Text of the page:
Weather delays, terrorism scares and general overcrowding in the skies have lead to plenty of frightening travel news on the airwaves. If you've ever been stuck on the airport tarmac for hours or had a flight cancelled on the way to a brief but desperately needed vacation, you've probably faced the irritating possibility of losing hundreds or thousands of dollars of your hard-earned vacation savings.

So you'll just insure the trip and there will be no problem, right? In the majority of cases, you'd be wrong.

Most people perceive that the purchase of travel insurance will protect everything from lost luggage to unforeseen medical bills — that's rarely true anymore. So when shopping for travel insurance it's time to start understanding what you're really buying. Some important things to check before you buy:

Start at least a month in advance: Most people make major trip reservations fairly far in advance to get the best fares, and you need to do the same for travel insurance. Book early and you'll get the best coverage and rates. You'll find that carriers are particularly picky about pre-existing conditions for medical or dental treatments, so read the fine print.

There's no such thing as full coverage unless you're willing to pay for it: What's full coverage? That's a good question, and it sometimes depends on dozens of factors unique to your trip. Your carrier might not offer protection on your chosen airline or cruise line. You'll find that terrorism insurance is rare and complicated. And you have to examine medical insurance options closely to understand exactly what is covered. The rare soup-to-nuts coverage — covering trip cancellations, lost luggage, delays that leave you stranded, flight accident, emergency medical and medical evacuations — is typically priced in the hundreds of dollars and may only cover up to 75 percent of the total cost of your trip.

Start online: If you really want an eye-opening experience in buying travel coverage, go to some of the leading websites that deal in single or multiple-insurer offerings. is a good first stop in analyzing coverage — you start by punching in the necessary information on your trip (dates, age of travelers, destination, etc.) and it spits back more than a dozen possibilities at all price levels. Clicking on any of the choices will give you a detailed view of what those policies will and won't cover.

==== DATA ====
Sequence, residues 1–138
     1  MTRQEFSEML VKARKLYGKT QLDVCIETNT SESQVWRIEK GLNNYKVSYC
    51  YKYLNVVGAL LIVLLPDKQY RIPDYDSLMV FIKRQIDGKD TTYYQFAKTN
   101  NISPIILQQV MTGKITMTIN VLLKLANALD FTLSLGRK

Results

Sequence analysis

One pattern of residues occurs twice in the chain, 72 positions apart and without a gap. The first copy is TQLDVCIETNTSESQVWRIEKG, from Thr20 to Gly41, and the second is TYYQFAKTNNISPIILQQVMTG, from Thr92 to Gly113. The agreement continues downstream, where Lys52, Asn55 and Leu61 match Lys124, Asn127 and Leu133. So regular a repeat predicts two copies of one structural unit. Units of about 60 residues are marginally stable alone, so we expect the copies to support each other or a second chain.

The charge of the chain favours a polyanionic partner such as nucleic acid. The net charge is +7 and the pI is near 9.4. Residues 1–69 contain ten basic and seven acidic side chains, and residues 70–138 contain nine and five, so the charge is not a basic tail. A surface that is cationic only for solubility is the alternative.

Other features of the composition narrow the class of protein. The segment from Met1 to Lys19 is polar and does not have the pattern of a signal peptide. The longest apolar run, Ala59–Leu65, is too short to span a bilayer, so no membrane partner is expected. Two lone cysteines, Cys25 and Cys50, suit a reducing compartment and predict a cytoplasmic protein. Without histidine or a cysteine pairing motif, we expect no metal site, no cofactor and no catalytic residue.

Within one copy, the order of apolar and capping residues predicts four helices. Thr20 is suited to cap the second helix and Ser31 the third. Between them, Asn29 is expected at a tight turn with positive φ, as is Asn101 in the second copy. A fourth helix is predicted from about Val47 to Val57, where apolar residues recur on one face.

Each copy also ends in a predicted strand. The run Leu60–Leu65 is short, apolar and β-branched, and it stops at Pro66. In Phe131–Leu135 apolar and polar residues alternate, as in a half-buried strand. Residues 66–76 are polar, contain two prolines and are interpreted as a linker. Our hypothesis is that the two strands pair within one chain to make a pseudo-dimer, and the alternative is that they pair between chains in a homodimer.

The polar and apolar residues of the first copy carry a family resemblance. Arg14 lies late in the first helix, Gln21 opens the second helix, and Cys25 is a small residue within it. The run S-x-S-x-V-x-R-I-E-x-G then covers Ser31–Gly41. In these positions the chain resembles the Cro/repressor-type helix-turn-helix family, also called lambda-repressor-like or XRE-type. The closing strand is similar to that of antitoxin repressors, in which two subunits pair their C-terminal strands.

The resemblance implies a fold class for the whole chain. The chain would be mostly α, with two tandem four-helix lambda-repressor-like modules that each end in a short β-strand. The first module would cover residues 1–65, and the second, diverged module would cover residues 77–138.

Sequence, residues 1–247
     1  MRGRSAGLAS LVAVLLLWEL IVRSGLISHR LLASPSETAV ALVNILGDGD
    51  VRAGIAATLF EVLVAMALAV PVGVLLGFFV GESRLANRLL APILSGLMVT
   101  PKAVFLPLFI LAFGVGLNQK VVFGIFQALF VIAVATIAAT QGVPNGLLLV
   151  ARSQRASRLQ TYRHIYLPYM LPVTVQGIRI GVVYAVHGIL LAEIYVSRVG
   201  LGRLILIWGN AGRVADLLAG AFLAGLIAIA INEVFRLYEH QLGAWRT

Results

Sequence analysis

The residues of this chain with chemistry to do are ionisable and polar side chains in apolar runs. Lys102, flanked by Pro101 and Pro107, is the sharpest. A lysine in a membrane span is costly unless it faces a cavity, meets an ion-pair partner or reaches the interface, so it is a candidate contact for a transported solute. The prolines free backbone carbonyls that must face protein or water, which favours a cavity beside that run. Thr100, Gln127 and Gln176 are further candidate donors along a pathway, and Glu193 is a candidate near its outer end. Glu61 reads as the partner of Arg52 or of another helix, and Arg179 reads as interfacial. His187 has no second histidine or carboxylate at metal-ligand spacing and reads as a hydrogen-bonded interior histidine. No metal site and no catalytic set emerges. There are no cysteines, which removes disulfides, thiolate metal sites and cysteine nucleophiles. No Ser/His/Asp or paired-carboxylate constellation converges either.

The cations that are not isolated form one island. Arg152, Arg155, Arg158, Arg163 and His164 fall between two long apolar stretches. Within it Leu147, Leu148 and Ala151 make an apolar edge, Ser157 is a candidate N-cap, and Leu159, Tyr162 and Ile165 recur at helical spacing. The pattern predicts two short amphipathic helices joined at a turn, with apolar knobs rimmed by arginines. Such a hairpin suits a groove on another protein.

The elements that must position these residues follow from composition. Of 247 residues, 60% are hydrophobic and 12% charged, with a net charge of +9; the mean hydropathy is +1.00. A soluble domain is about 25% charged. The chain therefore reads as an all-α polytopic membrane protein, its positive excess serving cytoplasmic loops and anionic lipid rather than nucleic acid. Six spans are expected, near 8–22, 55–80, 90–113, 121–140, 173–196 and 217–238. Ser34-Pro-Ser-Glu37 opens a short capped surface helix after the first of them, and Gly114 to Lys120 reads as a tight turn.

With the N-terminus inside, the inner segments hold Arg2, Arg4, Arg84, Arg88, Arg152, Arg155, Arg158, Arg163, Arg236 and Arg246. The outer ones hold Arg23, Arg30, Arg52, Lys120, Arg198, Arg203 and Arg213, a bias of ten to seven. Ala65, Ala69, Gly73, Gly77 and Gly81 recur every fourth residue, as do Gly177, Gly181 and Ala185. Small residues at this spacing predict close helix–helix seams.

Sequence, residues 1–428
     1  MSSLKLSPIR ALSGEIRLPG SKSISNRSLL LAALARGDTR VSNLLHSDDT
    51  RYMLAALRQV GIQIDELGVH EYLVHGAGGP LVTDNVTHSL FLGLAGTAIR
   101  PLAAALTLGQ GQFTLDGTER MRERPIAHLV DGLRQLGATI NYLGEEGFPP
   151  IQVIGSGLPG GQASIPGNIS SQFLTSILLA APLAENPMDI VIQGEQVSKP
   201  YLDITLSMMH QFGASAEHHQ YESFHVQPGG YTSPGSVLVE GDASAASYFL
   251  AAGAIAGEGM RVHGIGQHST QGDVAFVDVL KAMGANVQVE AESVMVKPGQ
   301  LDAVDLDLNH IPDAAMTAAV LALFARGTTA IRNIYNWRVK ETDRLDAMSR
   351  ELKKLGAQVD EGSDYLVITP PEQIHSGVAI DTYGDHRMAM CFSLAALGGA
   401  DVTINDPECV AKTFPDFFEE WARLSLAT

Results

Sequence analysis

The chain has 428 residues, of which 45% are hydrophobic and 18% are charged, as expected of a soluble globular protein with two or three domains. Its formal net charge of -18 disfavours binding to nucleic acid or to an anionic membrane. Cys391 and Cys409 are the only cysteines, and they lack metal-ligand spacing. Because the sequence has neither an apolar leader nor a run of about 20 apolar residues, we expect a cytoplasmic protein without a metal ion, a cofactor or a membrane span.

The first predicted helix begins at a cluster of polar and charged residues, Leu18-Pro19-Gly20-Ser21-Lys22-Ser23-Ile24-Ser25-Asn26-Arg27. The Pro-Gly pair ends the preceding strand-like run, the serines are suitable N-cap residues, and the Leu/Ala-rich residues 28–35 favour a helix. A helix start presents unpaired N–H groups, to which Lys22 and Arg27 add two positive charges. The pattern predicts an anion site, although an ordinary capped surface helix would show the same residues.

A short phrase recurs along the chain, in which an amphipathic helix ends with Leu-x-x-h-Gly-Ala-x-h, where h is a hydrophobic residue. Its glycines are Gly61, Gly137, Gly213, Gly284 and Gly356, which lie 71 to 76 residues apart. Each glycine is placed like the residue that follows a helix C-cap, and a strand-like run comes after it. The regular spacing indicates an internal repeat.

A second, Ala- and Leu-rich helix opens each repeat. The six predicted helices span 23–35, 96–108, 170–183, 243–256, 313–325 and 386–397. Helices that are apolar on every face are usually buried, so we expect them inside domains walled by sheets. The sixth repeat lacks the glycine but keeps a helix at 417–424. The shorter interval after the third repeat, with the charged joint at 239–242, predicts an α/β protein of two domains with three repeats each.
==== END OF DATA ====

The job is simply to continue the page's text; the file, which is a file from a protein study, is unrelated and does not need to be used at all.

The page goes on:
Check with your credit card company: It's time your credit card company earned its money. Call customer service and find out what kind of travel protection they offer automatically or by fee. You may end up saving money — or, if you travel often enough, you may want to go with a particular card company that provides better travel coverage. But even for cards that tout their travel benefits, it's critical you investigate exactly what their insurance covers relative to where you want to go. Take the time to make them explain the coverage to you.

Call your HR department or health insurer: Your health benefits may not cross state or country lines. Before you take any trip, check to see if your employer's or your own personal health coverage will be effective there. An emergency room visit can cost at least several hundred dollars and a short hospital stay can cost thousands more. You might be interested in travel insurance if you find your own domestic insurer won't pay claims in certain parts of the country where you're going.

Ask about hurricane coverage: The 2011 Atlantic hurricane season begins June 1 and runs through Nov. 30. Even if you don't live in a hurricane area, severe hurricanes can disrupt flights all across the nation, which may lead to a delay of your trip here or abroad. Ask whether your travel insurance has hurricane coverage and what it entails. 

If you're stuck, never be afraid to ask for a break: If you're sidetracked as the result of a major disaster (weather-related or otherwise), always ask if your airline, hotel or other components of your vacation might be willing to give you a credit or discount on your bill. It's rare, but some destinations might see it as a chance to build goodwill. Ask nicely — the worst they can do is say no.

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